Has anyone besides me wondered why the receiver has released so little information about the hotel developer that has bid $9.5 million for the August Wilson Center? The receivership is a public court proceeding; the receiver is an officer of the court; the center is a charitable asset built with tens of millions of public, foundation and individual grants and donations; and the state attorney general is an integral participant in the drama with a duty to safeguard the public interest. Yet the bona fides or even the identity of the developer (other than 980 Liberty Partners and its local front man) remains a mystery. The court has been asked to bless this bidder on blind faith.
The explanation for this anonymity is that even the developer cannot honestly believe that its project is feasible. The hurdles to building a hotel atop the center are many and collectively insurmountable. First, the bid itself is outrageously high for a site that is worth less for reuse than an empty lot. Second, arguably valid restrictive covenants will doom attempts to secure a title commitment and financing. Third, engineering challenges, even if not fatal, will add hugely to the cost of the project. Fourth, serious traffic control and parking issues will preclude zoning approval. And, finally, the determined opposition of the city, county, Urban Redevelopment Authority, attorney general, foundations, African-American community and substantial elements of the broader community reflect a realization that the hotel plan will not preserve the mission of the August Wilson Center.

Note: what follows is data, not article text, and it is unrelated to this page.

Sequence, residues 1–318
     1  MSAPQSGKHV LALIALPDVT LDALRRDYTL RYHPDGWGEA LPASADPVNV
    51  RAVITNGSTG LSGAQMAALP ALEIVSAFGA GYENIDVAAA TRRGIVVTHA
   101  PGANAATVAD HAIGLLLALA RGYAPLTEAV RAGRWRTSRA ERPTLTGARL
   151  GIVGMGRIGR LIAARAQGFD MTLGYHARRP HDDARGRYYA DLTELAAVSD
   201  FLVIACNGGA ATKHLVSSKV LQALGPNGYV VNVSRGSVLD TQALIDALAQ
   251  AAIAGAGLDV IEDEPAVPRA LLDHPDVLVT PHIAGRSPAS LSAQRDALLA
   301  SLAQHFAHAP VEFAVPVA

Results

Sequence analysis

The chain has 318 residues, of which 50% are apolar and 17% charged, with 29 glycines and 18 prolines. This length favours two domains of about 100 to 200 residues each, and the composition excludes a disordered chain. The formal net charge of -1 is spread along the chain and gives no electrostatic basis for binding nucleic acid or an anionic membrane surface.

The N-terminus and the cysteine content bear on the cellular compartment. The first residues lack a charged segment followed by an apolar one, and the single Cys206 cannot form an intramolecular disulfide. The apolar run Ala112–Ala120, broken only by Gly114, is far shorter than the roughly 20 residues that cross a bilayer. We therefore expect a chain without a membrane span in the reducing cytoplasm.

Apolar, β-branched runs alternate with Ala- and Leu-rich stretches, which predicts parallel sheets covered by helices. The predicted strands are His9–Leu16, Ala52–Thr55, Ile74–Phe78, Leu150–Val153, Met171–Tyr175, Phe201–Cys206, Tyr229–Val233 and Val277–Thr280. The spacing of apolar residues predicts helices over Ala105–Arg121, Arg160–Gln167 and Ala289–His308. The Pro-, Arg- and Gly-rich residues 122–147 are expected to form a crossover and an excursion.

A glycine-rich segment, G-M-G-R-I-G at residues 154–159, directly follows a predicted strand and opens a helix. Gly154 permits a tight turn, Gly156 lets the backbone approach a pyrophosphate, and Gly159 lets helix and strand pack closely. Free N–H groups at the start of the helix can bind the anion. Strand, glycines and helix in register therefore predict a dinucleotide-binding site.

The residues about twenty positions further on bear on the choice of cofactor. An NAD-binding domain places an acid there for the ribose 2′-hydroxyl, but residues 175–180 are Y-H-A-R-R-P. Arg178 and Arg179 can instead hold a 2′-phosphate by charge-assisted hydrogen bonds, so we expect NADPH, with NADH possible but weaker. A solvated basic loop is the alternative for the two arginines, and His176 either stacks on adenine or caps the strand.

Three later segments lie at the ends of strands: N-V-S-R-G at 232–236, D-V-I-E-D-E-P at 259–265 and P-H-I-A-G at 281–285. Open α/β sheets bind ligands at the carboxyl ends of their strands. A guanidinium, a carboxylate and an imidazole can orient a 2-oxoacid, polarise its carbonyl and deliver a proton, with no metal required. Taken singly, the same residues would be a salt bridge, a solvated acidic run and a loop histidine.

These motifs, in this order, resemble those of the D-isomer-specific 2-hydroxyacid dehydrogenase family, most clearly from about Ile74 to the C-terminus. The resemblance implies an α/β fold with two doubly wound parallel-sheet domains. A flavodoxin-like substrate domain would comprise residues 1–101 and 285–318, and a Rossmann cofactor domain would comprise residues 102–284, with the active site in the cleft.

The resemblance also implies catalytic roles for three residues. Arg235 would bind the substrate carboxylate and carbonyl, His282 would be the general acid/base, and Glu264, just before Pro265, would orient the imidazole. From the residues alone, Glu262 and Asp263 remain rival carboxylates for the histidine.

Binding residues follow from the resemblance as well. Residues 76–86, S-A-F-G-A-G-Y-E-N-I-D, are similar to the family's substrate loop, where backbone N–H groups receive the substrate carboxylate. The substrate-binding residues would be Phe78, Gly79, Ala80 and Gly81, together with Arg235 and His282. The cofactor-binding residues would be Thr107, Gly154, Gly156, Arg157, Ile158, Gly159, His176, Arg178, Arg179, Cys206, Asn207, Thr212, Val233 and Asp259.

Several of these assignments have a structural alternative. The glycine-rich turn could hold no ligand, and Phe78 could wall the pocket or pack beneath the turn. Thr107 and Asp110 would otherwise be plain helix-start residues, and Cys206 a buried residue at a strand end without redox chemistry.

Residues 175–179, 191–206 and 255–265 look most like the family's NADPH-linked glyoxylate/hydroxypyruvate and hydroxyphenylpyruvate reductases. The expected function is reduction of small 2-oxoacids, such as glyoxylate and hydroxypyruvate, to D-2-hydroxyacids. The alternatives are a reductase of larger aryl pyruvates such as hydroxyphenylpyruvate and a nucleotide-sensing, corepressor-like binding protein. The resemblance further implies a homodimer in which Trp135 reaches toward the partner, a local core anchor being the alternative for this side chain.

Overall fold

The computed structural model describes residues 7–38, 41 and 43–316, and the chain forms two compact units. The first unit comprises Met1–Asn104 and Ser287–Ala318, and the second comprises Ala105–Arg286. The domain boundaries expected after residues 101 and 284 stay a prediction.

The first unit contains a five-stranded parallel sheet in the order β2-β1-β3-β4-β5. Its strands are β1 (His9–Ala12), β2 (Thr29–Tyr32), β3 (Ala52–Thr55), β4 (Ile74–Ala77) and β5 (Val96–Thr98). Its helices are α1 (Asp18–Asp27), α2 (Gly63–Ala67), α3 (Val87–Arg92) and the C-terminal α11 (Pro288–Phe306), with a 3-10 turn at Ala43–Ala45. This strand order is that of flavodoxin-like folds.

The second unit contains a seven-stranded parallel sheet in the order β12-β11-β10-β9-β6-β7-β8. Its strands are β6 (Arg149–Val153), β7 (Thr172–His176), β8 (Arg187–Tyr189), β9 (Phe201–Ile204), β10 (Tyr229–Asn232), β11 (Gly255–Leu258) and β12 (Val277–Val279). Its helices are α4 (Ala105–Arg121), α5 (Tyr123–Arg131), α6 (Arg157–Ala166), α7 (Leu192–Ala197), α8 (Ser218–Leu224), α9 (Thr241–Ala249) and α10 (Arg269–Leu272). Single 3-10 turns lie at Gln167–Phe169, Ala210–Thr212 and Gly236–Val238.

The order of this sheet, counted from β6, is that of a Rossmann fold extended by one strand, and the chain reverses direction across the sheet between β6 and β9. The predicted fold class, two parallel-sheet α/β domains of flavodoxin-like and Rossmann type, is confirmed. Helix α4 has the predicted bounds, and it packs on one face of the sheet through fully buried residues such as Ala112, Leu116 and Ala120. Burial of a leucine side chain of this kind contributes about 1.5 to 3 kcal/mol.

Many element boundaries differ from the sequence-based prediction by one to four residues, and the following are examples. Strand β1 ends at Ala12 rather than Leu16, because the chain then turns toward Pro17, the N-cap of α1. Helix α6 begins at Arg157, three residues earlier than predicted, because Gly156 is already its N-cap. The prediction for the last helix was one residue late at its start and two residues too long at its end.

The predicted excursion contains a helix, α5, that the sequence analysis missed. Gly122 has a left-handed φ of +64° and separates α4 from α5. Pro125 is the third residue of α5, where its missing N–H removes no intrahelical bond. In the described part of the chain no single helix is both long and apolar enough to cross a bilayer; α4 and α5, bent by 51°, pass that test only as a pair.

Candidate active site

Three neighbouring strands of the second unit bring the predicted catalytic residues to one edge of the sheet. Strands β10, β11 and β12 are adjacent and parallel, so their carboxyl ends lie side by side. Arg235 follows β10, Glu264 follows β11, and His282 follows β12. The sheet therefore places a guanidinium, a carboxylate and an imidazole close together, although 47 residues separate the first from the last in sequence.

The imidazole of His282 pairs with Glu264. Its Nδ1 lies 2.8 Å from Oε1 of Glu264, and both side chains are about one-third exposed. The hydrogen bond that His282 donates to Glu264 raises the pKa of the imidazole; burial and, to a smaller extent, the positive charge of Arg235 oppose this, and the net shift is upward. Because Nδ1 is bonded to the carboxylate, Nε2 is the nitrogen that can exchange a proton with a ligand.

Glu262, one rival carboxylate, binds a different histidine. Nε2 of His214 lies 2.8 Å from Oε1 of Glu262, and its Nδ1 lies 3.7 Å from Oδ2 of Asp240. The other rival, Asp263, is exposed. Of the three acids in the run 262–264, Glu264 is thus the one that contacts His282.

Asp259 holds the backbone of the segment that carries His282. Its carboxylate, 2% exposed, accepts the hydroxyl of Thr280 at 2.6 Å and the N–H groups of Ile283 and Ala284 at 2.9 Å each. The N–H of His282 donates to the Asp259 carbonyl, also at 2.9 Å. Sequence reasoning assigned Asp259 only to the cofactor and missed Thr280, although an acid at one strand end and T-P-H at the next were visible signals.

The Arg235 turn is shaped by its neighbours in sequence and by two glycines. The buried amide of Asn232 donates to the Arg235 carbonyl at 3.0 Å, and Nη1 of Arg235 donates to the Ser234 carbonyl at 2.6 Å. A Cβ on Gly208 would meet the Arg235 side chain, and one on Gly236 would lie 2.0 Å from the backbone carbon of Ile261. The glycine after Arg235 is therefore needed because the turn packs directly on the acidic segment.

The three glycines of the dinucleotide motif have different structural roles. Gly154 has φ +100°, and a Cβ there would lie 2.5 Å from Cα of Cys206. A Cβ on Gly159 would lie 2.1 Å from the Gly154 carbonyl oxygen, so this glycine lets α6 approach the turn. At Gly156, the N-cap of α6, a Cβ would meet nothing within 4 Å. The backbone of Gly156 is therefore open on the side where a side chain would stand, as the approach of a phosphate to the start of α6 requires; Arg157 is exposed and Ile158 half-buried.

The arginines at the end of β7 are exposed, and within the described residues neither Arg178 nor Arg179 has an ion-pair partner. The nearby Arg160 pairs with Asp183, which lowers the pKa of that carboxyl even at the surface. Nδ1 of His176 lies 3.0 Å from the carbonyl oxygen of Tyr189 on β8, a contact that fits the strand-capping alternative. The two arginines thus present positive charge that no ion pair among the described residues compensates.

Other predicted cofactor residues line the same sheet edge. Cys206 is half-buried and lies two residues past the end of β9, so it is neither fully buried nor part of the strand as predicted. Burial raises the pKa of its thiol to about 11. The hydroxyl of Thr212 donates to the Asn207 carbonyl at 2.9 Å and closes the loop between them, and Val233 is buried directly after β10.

In bankruptcy terms, quite familiar to the receiver, the hotel bid is simply a stalking horse, intended to encourage higher bids from others. No one is taking the bait. When the hotel bidder finally and inevitably withdraws, its anonymity will be preserved. For the public good, that will hopefully happen soon.
In January, the writer, a lawyer, made an unsuccessful request to serve as conservator in the August Wilson Center matter on a voluntary basis.